Rise of the “conscious consumer” paves way for record growth in UK organic market
There is no doubt about it, the pursuit of health and wellness among consumers is a major business now, as illustrated from the latest figures from the Soil Association Certification’s Organic Market Report. The newly-published report reveals how following a 5.3% growth in sales during 2018, the UK’s organic market is now worth £2.33 billion. The growth percentage is well ahead of the non-organic market, according to the report.
5 February 2019
The Soil Association Certification has published the latest edition of its Organic Market Report for 2018, which reveals the UK’s organic market is now worth £2.33 billion after a 5.3% growth in sales in 2018 – well ahead of the non-organic market. The Soil Association Certification is the UK’s largest organic certification body. It certifies around 70% of all organic products in the UK.
The SAC’s conclusion represents the highest ever value placed on the organic market, following seven consecutive years of growth, and means that almost £45 million is spent on organic a week.
Organic accounts for 1.5% of the UK’s overall food and drink market, which is expected to grow to £2.5 billion by 2020.
In the report, Soil Association Certification identifies changes in shopping habits as drivers of growth, as more shoppers order online to take advanrage of the wider choice of organic products available.
Other key areas of growth identified by the report include:
- Supermarket sales of organic, excluding discounters, increased by 3.3%*
- Independent retailers saw sales increasing by 6.2%, buoyed by healthy and hyper-local shopping habits and wider organic ranges from wholesalers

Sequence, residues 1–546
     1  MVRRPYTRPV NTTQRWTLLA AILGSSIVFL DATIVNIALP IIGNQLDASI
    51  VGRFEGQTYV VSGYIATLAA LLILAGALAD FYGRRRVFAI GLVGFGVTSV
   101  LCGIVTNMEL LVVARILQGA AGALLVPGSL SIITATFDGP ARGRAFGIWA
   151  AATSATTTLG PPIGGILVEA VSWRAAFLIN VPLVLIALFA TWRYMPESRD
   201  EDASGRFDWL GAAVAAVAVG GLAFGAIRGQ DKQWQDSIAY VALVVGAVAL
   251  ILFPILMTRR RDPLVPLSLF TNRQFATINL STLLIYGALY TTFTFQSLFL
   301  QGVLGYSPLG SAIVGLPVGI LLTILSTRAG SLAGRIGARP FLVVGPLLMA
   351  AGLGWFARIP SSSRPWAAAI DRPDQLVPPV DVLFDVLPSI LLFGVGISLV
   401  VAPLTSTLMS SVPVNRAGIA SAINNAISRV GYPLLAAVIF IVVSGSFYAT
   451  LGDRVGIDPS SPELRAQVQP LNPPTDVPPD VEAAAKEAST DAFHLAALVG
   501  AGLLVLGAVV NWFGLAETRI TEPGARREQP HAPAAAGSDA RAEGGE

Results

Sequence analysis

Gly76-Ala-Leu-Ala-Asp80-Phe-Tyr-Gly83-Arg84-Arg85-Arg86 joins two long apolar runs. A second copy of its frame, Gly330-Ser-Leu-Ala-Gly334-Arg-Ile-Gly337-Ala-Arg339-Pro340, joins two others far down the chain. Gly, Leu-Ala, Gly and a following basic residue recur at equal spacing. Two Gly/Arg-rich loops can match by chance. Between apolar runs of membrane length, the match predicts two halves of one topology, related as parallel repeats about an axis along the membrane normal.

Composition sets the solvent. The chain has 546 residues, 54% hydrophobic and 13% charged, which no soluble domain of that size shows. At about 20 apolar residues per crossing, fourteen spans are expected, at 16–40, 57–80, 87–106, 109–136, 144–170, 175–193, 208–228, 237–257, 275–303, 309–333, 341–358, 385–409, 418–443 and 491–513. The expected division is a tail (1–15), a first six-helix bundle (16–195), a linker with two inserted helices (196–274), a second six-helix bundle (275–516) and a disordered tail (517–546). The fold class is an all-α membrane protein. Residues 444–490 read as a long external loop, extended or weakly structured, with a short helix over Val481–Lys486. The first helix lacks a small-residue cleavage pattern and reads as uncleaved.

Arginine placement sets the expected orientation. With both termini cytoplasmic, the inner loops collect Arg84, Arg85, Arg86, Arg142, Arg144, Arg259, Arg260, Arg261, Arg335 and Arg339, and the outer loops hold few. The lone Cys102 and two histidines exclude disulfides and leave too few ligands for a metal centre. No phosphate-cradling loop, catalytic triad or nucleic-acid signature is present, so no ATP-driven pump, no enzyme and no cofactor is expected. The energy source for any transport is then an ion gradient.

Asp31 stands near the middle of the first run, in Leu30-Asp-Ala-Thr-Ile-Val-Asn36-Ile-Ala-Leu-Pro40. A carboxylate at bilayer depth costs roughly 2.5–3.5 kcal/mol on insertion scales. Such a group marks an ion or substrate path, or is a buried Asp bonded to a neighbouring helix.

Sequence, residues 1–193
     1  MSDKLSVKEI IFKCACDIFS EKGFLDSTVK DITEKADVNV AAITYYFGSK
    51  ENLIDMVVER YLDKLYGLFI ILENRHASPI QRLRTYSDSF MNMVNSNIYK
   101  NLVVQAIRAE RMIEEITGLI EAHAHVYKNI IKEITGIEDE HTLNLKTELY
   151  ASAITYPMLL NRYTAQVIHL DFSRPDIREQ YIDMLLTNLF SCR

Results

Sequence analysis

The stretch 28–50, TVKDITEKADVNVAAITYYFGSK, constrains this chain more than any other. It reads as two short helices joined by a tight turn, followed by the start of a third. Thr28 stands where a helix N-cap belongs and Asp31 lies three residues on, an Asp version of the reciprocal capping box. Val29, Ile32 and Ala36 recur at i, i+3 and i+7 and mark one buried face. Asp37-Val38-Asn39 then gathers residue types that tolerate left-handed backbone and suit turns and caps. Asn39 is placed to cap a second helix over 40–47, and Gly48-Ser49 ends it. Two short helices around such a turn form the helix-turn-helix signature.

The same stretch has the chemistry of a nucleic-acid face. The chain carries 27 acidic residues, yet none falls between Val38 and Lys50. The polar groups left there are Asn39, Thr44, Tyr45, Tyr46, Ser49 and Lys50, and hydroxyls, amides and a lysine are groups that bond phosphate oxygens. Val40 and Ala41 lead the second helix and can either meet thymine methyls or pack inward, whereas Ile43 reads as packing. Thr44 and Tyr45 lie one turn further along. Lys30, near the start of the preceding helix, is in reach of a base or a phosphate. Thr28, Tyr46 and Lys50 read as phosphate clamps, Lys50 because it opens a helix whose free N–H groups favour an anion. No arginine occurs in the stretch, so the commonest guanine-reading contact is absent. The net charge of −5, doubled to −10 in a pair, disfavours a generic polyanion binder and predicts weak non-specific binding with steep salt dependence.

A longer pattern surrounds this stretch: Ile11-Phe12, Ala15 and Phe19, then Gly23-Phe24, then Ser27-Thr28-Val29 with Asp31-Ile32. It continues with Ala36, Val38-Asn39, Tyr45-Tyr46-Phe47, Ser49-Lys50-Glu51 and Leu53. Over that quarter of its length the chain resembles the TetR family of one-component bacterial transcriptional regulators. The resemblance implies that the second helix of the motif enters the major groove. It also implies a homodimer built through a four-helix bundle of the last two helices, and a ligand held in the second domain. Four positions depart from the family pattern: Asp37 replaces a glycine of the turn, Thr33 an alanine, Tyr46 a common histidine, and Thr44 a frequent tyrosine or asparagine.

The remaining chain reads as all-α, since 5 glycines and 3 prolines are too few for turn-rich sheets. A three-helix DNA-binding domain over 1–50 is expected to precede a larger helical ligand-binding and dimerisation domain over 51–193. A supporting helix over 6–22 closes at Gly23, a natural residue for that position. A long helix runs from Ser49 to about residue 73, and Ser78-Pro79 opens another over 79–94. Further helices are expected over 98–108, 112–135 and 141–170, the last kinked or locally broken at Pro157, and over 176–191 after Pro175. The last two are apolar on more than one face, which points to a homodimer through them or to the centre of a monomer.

- Organic sales into foodservice grew almost 8% to £90.9 million in 2018, supported by continued interest in Soil Association’s Food For Life scheme
Across the organic market, categories that continue to drive growth include wines, and chilled foods; and canned and packaged grocery. Figures show that the chilled convenience sector, including tofu and fresh vegetarian products, saw sales grow by over 25%. Sales of fresh fruit, salad and vegetables increased by approximately £15 million during the year.
Clare McDermott, business development director for the Soil Association Certification, said that organic is in the right place to capitalise on many of the consumer trends currently developing across retail. “We know that more shoppers are looking to purchase sustainable products to reduce their impact on the planet,” McDermott said, “and this has combined with an increasing value being placed on transparency and traceability in the food system.”
Meanwhile, the increasing consumer demand for organic has meant more farmers going into organic farming. The latest statistics from the UK’s Department of Food and Rural Affairs show that the amount of organic certified land has increased by 1.9%, the first rise since 2008. Land in conversion also increased by nearly 30%, a third consecutive year of growth, and Soil Association Certification expects this to continue, as, post-Brexit, consumer demand for products from UK producers and sustainable agroecological systems could rise.
*Nielsen Scantrack Total Coverage (Supermarkets and Convenience Stores), 52w/e 29th December 2018